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      Efficacy of Unsupervised Home-Based Pulmonary Rehabilitation for Patients with Chronic Obstructive Pulmonary Disease

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          Pulmonary rehabilitation (PR) is a well-established treatment for chronic obstructive pulmonary disease (COPD). The standard protocol for PR requires frequent hospital visits, which can be difficult for patients. We performed this study to assess whether unsupervised home-based PR (HBPR) is effective for patients with COPD.

          Patients and Methods

          After assessing the outcome data, including the results of a COPD assessment test (CAT); the body mass index, airflow obstruction, dyspnea, and exercise capacity (BODE) index; a spirometry; the modified Medical Research Council (mMRC) dyspnea scale; and the 6-min walking test (6MWT), specialists imparted 1-hour education to patients regarding unsupervised HBPR at the baseline visit. This included methods for breathing, inhaler use, stretching, and exercise. On reviewing diaries after 8 weeks from the first visit, patients who exercised at least thrice per week were classified as the compliant group and the others were categorized as the noncompliant group. Changes in the outcomes were compared between the compliant and noncompliant groups.


          A total of 41 patients were enrolled in this study; for 8 weeks of unsupervised HBPR, there were significant improvements in CAT scores (−4.62±4.61 vs 2.40±6.73; P=0.002), BODE index (−1.00±1.06 vs −0.20±0.56; P=0.01), and forced expiratory volume in 1 s (0.05±0.19 vs −0.09±0.16; P=0.02) among patients in the compliant group, compared with the noncompliant group. Moreover, their CAT (16.46±7.80 vs 11.85±7.23; P=0.03) and mMRC scores (2.54±0.76 vs 1.81±0.63; P=0.001) improved significantly after 8 weeks, compared with those at baseline. On the other hand, patients in the noncompliant group showed no significant improvement in any of the outcomes.


          In this study, compliant patients with unsupervised HBPR achieved favorable outcomes in 8 weeks. Thus, we recommend unsupervised HBPR for patients with COPD, even when regular hospital visits for PR are not possible.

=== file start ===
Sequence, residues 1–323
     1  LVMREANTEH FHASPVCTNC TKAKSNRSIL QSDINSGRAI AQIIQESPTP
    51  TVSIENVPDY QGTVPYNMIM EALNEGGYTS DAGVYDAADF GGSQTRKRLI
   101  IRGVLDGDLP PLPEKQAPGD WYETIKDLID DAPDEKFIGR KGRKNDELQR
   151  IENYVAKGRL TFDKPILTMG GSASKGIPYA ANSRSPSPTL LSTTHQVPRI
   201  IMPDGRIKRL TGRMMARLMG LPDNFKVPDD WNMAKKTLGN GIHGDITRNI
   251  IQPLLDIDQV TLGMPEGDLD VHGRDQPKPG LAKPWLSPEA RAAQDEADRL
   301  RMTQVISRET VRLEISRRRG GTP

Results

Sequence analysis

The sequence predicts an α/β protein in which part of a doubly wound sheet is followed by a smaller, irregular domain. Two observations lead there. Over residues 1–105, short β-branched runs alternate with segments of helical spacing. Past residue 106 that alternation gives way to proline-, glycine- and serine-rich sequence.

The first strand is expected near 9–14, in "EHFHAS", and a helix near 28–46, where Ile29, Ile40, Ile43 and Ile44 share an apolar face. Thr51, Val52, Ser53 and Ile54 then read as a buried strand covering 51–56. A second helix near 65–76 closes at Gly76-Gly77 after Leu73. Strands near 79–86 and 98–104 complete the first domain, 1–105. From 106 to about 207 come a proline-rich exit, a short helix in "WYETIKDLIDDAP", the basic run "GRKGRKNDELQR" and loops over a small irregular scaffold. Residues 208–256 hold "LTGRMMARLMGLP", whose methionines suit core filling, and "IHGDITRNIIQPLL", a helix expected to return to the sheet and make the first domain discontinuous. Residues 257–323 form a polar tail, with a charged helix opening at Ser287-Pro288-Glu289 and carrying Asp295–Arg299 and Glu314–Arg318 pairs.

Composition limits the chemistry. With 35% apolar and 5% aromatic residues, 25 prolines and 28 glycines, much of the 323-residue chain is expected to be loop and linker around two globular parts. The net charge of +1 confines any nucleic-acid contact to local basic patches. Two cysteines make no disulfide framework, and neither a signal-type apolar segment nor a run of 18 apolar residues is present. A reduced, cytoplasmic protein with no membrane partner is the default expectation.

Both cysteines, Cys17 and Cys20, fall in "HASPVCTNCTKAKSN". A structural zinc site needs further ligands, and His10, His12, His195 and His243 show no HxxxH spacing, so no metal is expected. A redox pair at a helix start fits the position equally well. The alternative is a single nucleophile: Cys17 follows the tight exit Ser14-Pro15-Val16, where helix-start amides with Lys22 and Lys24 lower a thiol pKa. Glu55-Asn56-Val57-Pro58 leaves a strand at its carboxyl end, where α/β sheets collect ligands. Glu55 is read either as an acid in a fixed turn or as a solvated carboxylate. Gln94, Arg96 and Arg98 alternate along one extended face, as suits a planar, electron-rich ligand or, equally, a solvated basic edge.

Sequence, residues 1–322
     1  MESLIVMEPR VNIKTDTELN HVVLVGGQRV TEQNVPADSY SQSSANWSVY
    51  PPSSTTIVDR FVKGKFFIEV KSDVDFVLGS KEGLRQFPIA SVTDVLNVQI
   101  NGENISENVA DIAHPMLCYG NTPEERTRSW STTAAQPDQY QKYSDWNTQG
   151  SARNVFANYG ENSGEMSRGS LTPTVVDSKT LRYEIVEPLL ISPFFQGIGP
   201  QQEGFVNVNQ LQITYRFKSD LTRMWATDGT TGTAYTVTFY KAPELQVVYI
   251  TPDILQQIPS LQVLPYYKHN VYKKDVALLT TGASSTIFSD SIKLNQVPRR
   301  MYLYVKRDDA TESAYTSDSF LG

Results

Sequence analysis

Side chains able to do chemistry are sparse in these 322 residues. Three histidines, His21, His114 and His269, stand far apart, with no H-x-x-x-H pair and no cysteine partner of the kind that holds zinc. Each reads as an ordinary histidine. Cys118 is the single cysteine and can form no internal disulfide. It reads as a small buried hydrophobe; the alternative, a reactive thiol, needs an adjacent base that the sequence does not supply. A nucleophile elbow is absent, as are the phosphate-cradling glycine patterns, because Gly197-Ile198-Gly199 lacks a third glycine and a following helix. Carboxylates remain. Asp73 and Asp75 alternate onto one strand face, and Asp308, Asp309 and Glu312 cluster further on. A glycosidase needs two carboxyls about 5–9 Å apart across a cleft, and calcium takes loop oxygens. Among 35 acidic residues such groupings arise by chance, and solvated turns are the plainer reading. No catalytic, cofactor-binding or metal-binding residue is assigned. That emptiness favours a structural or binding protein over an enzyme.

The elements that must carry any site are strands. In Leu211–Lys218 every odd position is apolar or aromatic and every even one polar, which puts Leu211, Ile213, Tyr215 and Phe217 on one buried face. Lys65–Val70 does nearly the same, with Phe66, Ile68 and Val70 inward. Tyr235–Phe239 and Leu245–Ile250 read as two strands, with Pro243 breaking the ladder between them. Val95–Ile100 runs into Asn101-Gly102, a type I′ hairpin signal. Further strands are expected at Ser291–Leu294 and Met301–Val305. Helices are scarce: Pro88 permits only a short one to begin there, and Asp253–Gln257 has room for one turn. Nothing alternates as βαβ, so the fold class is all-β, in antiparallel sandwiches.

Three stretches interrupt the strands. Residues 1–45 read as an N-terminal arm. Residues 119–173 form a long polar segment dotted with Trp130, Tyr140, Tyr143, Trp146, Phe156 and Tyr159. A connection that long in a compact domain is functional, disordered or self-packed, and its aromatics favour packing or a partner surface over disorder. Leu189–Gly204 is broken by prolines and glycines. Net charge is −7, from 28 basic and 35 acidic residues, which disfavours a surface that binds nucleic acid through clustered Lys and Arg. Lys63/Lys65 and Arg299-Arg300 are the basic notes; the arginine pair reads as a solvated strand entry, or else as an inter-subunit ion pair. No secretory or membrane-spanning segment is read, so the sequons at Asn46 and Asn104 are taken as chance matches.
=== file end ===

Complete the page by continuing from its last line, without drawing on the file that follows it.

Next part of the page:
Trial Registration


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          Most cited references 27

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          Physical activity is the strongest predictor of all-cause mortality in patients with COPD: a prospective cohort study.

          Systemic effects of COPD are incompletely reflected by established prognostic assessments. We determined the prognostic value of objectively measured physical activity in comparison with established predictors of mortality and evaluated the prognostic value of noninvasive assessments of cardiovascular status, biomarkers of systemic inflammation, and adipokines. In a prospective cohort study of 170 outpatients with stable COPD (mean FEV(1), 56% predicted), we assessed lung function by spirometry and body plethysmography; physical activity level (PAL) by a multisensory armband; exercise capacity by 6-min walk distance test; cardiovascular status by echocardiography, vascular Doppler sonography (ankle-brachial index [ABI]), and N-terminal pro-B-type natriuretic peptide level; nutritional and muscular status by BMI and fat-free mass index; biomarkers by levels of high-sensitivity C-reactive protein, IL-6, fibrinogen, adiponectin, and leptin; and health status, dyspnea, and depressive symptoms by questionnaire. Established prognostic indices were calculated. The median follow-up was 48 months (range, 10-53 months). All-cause mortality was 15.4%. After adjustments, each 0.14 increase in PAL was associated with a lower risk of death (hazard ratio [HR], 0.46; 95% CI, 0.33-0.64; P < .001). Compared with established predictors, PAL showed the best discriminative properties for 4-year survival (C statistic, 0.81) and was associated with the highest relative risk of death per standardized decrease. Novel predictors of mortality were adiponectin level (HR, 1.34; 95% CI, 1.06-1.71; P = .017), leptin level (HR, 0.81; 95% CI, 0.65-0.99; P = .042), right ventricular function (Tei-index) (HR, 1.26; 95% CI, 1.04-1.54; P = .020), and ABI < 1.00 (HR, 3.87; 95% CI, 1.44-10.40; P = .007). A stepwise Cox regression revealed that the best model of independent predictors was PAL, adiponectin level, and ABI. The composite of these factors further improved the discriminative properties (C statistic, 0.85). We found that objectively measured physical activity is the strongest predictor of all-cause mortality in patients with COPD. In addition, adiponectin level and vascular status provide independent prognostic information in our cohort.